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Tax Alpha Isn’t Just for the Superrich

By Chris Latham December 30, 2014

“Don’t let the tax tail wag the investment dog” is among the most ubiquitous warnings in wealth management. It also might be the most overhyped one. In fact, tax alpha is often the best alpha, experts say — if by “alpha” you mean retained earnings in excess of average expected performance. That’s because tax strategy is far more predictable and controllable than investment strategy.

It also has a clear, measurable impact on a client’s net worth. And even without an accounting or tax-law degree, advisors have plenty of techniques at their disposal for mitigating taxes on investment earnings. To be sure, it often helps to confer with a specialist.

Ultra-wealthy clients often benefit from strategies to generate tax alpha, but many of those strategies are also available to the mass affluent, according to Clint Pelfrey. He’s president of Prosperity Capital Advisors, which manages $350 million in Westlake, Ohio. “The middle-class millionaire, with IRAs and 401(k)s, is often overlooked,” he says. “I’m not a tax expert; but as an advisor, it is a key component of what I work on with clients.”

For Pelfrey, this entails using passive or lower-turnover strategies in pretax and non-qualified accounts, and active strategies in tax-deferred accounts. His firm uses funds that incorporate tax-loss harvesting, as well as portfolios of funds ranging from all equity to all fixed income — including tax-exempt municipal bonds.

Clint Pelfrey

Tax-loss harvesting and holding-period strategies are perhaps the easiest ways for any advisor to keep earnings in the client’s pocket and out of the IRS’s, says Stephen Horan of the CFA Institute. He’s a managing director based in Charlottesville, Va.

Tax-loss harvesting, or selling underperforming shares in a client’s portfolio to help offset capital gains, should be done throughout the year — not just in late December. And it works best over several years, according to Horan. Of course, an outperforming stock will eventually trigger capital gains taxes when sold; but if its winning streak holds, letting the returns compound over years benefits the investor. Meanwhile, advisors can save clients taxes simply by holding securities for more than a year instead of one year or less. Waiting just two extra days to sell shares means the difference between a short-term and a long-term capital gain, Horan says — and short-term gains generally incur higher taxes.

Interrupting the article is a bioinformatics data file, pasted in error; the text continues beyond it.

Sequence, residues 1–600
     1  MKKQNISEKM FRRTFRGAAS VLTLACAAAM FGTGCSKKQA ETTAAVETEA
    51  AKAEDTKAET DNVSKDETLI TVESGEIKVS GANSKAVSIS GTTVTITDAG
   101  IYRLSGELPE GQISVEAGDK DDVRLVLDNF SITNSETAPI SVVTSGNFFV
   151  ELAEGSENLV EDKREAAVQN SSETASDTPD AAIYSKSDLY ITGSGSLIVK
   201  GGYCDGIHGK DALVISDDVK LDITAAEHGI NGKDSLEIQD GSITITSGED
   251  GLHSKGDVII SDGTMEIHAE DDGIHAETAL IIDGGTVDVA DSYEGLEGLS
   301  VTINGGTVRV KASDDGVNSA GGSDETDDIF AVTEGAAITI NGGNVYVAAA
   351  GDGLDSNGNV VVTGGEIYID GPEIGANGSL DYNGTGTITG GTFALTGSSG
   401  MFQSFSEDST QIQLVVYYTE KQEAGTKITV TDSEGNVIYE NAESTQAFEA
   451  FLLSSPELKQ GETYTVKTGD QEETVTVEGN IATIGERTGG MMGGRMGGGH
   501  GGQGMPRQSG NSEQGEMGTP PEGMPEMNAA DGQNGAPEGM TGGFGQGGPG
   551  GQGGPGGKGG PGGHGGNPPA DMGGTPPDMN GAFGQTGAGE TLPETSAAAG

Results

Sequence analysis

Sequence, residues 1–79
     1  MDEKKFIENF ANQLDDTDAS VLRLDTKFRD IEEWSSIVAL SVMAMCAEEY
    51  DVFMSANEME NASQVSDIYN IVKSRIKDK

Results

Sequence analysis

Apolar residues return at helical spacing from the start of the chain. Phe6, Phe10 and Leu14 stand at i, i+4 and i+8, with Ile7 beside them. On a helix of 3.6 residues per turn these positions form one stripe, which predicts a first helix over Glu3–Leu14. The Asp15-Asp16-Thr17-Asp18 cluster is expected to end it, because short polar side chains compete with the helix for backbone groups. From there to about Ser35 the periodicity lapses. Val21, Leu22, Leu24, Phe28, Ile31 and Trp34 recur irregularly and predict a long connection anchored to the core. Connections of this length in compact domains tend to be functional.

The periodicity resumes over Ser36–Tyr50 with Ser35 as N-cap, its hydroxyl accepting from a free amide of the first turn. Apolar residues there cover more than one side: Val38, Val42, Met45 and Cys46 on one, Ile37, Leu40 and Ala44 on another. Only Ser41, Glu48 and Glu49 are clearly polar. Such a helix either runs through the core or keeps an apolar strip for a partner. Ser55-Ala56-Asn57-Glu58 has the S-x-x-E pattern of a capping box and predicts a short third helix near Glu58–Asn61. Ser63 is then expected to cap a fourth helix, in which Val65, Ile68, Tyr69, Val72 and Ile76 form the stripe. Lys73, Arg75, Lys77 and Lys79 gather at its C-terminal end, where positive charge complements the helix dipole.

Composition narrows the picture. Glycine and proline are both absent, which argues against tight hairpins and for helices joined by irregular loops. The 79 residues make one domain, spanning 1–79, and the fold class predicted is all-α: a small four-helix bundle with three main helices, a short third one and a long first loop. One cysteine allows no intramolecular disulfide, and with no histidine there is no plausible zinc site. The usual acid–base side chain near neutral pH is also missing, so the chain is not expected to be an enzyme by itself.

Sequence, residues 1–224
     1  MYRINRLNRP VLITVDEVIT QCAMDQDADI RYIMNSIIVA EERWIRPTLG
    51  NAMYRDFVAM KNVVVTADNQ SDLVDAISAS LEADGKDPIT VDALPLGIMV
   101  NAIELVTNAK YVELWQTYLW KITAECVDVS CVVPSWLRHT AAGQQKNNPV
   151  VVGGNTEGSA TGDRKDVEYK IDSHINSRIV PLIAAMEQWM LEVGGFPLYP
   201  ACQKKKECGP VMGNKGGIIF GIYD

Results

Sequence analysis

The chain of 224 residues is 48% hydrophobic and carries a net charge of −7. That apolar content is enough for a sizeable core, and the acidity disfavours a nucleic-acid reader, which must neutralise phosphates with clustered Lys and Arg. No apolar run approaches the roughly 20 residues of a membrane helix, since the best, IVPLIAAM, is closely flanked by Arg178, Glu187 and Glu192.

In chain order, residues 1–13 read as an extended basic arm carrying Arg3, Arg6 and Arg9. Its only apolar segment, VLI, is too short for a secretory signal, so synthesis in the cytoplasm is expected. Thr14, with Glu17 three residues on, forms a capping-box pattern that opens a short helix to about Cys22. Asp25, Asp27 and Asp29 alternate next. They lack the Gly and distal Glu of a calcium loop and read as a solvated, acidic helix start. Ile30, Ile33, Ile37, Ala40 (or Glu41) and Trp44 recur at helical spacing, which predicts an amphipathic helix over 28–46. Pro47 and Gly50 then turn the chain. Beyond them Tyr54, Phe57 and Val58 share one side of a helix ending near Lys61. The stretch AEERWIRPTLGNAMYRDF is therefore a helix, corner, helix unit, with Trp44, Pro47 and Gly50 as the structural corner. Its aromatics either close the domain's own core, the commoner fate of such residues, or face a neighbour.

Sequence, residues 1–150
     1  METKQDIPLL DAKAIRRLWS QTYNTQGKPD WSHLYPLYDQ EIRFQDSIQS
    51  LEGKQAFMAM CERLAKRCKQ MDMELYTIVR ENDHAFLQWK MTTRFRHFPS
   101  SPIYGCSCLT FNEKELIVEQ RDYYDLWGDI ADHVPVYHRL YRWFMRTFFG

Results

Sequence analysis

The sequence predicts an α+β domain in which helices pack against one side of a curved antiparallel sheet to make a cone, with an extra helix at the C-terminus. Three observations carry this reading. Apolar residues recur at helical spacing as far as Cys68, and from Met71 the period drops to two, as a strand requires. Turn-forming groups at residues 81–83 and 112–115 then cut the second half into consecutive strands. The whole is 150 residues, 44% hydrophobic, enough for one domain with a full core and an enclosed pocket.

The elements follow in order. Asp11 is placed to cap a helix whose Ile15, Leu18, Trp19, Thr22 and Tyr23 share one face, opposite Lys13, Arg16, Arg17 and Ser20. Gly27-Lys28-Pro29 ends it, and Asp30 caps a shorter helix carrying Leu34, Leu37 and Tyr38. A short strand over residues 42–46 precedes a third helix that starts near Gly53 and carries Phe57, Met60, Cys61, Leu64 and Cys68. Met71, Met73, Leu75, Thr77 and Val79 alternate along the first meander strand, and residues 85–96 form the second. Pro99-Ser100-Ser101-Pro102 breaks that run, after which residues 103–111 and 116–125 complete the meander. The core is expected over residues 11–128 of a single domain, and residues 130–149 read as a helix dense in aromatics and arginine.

Even so, many advisors downplay tax considerations. “Clients ask for it in much greater numbers than they actually get it,” Horan says. He believes advisors worry that fixating over taxes will lead to warped investment decisions. That’s a valid concern, up to a point, he admits: “You wouldn’t want to pick an investment product just because it’s tax-efficient, because the product could be an MLP with a risk-return profile that’s antithetical to the client’s core boundaries.”

The advantages of some tax moves so strongly outweigh their risks that advisors have an obligation to consider them, according to Michael Delgass, managing director of Sontag Advisory, which manages over $4 billion in New York.

Asset location, for example, can add 2% in after-tax returns, says Delgass, an attorney with expertise in tax law and estate planning. With tax-exempt municipal bonds, advisors can add 1% of fixed-income yield — based on the historic spread between munis and taxable bonds — and another 1% by putting munis in non-qualified accounts while putting taxable issues into IRAs. This requires being nimble, Delgass warns. For example, in recent years, sky-high yield-to-default ratios made junk munis far more attractive than junk corporates.

The AMT Deep End

No dive into investment-related tax strategy is complete without dipping into the alternative minimum tax, or AMT, says Matthew Allain. He’s CEO of the Leo Group, a Chatham, N.J., RIA that supervises almost $600 million.

The IRS defines AMT as “the excess of the tentative minimum tax over the regular tax.” Basically, it’s the federal government’s way of making sure wealthy people with heaps of exemptions and deductions pay taxes — usually at least 26% of gross earnings. Those deductions often stem from real estate, investment-management fees, tax-preparation fees and legal fees, Allain says.

Advisors can help clients avoid the AMT and mitigate overall taxes by accelerating realization of regular income, according to Allain. In effect, clients get taxed earlier on certain events instead of deferring them. After the IRS recognizes that clients are “out of the AMT,” clients can take their remaining deductions.

“That can be counterintuitive,” he says. “AMT planning requires intimate knowledge of clients’ current and future income items and tax exposure.”